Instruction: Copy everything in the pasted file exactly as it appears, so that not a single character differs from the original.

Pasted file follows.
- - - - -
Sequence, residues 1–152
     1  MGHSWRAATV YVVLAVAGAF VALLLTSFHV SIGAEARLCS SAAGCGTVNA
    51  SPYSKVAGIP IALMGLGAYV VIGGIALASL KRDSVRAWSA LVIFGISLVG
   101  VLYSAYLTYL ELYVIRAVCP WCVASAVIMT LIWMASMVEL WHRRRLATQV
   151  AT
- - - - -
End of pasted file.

Sequence, residues 1–152
     1  MGHSWRAATV YVVLAVAGAF VALLLTSFHV SIGAEARLCS SAAGCGTVNA
    51  SPYSKVAGIP IALMGLGAYV VIGGIALASL KRDSVRAWSA LVIFGISLVG
   101  VLYSAYLTYL ELYVIRAVCP WCVASAVIMT LIWMASMVEL WHRRRLATQV
   151  AT